Obesity tends to run in families. If one or both of your parents are obese, your risk of being obese is increased. That's not just because of genetics. Family members tend to share similar eating and activity habits.

Inactivity.

If you're not very active, you don't burn as many calories. With a sedentary lifestyle, you can easily take in more calories every day than you burn through exercise and routine daily activities. Having medical problems, such as arthritis, can lead to decreased activity, which contributes to weight gain.

Unhealthy diet.

A diet that's high in calories, lacking in fruits and vegetables, full of fast food, and laden with high-calorie beverages and oversized portions contributes to weight gain.

Medical problems.

In some people, obesity can be traced to a medical cause, such as Prader-Willi syndrome, Cushing's syndrome and other conditions. Medical problems, such as arthritis, also can lead to decreased activity, which may result in weight gain.

Certain medications.

Some medications can lead to weight gain if you don't compensate through diet or activity. These medications include some antidepressants, anti-seizure medications, diabetes medications, antipsychotic medications, steroids and beta blockers.

Social and economic issues.

Research has linked social and economic factors to obesity. Avoiding obesity is difficult if you don't have safe areas to exercise. Similarly, you may not have been taught healthy ways of cooking, or you may not have money to buy healthier foods. In addition, the people you spend time with may influence your weight — you're more likely to become obese if you have obese friends or relatives.

Age.

Obesity can occur at any age, even in young children. But as you age, hormonal changes and a less active lifestyle increase your risk of obesity. In addition, the amount of muscle in your body tends to decrease with age. This lower muscle mass leads to a decrease in metabolism. These changes also reduce calorie needs, and can make it harder to keep off excess weight. If you don't consciously control what you eat and become more physically active as you age, you'll likely gain weight.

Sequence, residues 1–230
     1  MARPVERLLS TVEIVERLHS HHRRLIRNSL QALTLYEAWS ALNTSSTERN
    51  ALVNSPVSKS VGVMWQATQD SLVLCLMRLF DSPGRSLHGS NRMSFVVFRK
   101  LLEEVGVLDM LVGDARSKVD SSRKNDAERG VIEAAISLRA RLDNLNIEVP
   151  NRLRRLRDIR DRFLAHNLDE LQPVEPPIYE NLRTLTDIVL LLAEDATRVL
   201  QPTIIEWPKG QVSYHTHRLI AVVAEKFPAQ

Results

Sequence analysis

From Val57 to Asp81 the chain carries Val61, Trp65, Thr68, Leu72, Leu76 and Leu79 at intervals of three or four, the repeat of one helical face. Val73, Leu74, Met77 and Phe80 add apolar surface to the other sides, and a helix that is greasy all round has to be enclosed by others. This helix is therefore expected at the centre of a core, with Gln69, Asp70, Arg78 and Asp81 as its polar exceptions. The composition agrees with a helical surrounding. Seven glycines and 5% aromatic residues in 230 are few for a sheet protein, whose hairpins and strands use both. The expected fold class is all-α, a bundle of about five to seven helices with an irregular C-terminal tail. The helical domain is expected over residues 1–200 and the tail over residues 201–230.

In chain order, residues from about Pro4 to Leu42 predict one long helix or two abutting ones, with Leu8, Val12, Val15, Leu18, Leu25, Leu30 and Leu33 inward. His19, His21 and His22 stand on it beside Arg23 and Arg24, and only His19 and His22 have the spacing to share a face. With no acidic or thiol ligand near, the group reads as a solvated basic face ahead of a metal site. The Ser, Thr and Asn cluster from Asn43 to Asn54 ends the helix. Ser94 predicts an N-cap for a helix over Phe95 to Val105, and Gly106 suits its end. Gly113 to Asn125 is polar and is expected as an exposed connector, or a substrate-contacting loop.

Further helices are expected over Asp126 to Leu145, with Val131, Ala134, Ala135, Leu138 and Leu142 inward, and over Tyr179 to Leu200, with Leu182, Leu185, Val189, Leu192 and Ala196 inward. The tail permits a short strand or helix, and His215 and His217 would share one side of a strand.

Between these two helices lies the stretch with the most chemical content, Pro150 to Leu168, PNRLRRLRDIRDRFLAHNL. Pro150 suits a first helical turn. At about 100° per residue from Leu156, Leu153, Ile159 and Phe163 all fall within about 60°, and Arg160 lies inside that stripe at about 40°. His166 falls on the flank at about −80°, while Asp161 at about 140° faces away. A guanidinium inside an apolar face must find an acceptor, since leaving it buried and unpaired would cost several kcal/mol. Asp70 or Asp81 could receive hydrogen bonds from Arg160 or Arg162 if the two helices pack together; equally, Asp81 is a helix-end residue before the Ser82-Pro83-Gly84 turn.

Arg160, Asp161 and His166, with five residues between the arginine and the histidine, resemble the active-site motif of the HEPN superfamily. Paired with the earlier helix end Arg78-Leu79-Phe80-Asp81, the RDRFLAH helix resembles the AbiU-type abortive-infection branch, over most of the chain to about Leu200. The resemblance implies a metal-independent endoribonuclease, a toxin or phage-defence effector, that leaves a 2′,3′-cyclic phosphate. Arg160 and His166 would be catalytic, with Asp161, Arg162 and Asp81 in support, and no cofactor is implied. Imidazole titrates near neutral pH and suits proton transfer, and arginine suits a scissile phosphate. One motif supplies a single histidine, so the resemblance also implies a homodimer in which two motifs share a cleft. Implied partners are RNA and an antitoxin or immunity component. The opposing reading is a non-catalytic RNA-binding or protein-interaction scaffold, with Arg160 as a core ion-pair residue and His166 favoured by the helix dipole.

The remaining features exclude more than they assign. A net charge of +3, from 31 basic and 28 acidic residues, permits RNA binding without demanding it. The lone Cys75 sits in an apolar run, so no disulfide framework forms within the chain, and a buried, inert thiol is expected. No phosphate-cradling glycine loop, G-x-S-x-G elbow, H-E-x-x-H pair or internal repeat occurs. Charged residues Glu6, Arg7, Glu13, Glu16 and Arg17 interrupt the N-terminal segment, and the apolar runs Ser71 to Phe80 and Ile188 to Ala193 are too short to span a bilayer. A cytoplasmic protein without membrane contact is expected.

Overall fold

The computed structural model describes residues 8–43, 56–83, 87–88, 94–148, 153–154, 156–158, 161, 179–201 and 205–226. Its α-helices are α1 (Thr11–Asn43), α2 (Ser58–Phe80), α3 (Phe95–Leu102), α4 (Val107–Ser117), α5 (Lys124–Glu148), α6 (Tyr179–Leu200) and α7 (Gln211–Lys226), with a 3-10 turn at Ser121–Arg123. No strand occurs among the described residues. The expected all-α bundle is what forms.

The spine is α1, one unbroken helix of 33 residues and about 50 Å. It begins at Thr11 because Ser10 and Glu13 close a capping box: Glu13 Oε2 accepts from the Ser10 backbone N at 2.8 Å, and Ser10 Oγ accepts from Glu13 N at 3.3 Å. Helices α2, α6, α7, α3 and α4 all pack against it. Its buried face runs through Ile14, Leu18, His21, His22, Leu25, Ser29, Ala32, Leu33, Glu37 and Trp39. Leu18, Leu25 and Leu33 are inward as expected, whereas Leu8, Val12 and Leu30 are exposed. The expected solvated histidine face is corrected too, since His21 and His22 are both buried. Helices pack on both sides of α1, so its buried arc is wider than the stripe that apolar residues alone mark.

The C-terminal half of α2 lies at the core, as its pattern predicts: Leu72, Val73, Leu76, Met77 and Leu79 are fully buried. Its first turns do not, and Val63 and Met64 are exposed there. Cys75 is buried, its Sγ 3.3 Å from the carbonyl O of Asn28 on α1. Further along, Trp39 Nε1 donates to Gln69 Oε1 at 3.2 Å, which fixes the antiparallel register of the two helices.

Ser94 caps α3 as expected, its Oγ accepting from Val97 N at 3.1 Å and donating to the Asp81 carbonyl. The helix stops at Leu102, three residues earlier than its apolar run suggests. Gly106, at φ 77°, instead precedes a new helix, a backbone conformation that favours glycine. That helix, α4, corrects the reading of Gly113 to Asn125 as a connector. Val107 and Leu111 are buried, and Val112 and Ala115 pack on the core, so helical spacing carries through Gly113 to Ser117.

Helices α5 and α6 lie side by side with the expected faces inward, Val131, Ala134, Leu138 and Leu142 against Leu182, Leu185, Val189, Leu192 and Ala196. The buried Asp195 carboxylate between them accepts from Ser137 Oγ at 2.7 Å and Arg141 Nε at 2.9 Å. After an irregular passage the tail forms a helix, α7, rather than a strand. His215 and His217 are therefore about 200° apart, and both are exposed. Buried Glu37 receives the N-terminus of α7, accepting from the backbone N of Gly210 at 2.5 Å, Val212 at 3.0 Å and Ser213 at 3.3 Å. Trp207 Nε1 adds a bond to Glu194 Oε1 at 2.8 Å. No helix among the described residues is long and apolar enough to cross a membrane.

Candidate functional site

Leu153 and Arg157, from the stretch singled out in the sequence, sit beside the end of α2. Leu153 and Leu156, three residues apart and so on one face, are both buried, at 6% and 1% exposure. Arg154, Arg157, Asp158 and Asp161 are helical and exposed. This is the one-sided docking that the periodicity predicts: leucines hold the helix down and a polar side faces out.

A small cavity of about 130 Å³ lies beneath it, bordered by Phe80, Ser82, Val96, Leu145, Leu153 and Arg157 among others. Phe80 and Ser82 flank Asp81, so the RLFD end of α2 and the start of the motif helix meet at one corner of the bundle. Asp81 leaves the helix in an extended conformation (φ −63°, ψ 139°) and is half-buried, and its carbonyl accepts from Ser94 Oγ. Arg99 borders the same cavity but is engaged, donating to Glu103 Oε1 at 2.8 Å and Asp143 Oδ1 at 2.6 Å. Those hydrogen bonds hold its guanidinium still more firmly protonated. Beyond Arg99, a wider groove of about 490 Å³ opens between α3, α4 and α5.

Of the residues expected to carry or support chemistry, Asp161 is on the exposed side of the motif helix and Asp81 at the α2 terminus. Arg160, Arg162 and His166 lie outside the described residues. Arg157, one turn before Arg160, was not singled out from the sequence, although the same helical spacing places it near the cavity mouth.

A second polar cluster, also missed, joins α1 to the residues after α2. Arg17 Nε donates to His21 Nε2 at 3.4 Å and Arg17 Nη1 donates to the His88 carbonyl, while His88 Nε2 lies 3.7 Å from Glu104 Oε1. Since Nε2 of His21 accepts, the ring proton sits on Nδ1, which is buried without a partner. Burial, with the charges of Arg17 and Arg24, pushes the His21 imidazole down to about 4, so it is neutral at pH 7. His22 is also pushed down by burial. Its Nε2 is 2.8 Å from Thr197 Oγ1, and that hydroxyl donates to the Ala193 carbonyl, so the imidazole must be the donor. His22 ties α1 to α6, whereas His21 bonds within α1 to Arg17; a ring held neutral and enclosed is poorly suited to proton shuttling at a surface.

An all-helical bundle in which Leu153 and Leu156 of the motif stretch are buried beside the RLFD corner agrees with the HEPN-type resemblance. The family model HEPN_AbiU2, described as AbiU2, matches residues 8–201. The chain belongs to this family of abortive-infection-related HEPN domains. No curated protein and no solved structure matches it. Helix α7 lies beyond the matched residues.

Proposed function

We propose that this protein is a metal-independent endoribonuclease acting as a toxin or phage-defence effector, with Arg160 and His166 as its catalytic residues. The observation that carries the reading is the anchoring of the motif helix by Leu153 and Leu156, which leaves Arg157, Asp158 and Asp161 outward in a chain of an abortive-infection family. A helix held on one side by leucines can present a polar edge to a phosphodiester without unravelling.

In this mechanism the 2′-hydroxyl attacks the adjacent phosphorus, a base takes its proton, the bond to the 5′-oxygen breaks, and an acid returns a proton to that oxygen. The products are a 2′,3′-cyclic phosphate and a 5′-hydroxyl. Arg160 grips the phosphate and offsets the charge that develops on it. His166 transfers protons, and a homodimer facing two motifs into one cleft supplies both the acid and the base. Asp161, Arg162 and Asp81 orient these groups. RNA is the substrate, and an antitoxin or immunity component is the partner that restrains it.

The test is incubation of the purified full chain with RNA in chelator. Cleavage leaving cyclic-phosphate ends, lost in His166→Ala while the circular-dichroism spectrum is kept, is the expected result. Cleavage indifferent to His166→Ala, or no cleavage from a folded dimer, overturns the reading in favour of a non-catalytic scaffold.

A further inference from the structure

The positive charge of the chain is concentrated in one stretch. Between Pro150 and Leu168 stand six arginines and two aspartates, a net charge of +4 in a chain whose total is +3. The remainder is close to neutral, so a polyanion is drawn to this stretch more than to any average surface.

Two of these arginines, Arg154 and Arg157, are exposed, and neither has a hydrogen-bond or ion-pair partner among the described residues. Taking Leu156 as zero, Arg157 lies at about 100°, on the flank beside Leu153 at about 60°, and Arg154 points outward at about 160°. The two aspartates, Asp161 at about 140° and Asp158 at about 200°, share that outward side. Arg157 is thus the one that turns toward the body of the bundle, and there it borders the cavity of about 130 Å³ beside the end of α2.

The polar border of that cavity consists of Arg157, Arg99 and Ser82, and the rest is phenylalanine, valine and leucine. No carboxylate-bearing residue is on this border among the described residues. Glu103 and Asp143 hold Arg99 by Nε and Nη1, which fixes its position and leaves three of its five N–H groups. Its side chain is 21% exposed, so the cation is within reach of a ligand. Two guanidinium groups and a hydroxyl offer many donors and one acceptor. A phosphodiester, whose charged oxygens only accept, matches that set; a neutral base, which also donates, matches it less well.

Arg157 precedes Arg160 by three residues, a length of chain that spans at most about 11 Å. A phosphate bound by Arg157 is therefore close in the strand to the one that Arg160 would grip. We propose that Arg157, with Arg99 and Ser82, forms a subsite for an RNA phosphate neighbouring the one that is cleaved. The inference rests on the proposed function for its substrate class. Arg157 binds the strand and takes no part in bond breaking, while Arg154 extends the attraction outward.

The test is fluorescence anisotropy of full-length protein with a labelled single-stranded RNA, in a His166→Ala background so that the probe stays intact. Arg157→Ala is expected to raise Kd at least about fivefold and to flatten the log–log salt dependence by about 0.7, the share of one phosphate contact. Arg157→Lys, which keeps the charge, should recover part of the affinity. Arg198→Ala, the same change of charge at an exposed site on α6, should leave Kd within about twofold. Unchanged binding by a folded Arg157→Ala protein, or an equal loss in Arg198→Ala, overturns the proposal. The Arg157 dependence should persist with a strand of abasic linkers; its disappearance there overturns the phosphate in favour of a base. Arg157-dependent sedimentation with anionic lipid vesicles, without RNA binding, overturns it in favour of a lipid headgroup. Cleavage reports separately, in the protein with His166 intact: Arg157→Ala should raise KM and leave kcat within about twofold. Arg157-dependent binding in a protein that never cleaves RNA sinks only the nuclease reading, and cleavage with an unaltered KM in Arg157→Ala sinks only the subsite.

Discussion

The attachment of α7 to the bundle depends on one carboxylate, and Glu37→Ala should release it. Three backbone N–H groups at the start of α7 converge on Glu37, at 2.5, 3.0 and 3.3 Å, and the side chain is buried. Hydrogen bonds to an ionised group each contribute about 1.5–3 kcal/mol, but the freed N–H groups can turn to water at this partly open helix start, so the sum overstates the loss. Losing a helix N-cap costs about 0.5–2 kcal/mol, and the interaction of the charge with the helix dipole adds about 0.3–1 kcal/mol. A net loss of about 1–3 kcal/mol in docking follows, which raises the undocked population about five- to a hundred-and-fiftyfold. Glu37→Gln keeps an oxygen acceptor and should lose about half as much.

Pregnancy.

During pregnancy, a woman's weight necessarily increases. Some women find this weight difficult to lose after the baby is born. This weight gain may contribute to the development of obesity in women.

Quitting smoking.

Quitting smoking is often associated with weight gain. And for some, it can lead to enough weight gain that the person becomes obese. In the long run, however, quitting smoking is still a greater benefit to your health than continuing to smoke.

Lack of sleep.

Not getting enough sleep or getting too much sleep can cause changes in hormones that increase your appetite. You may also crave foods high in calories and carbohydrates, which can contribute to weight gain.

Complications

If you're obese, you're more likely to develop a number of potentially serious health problems, including :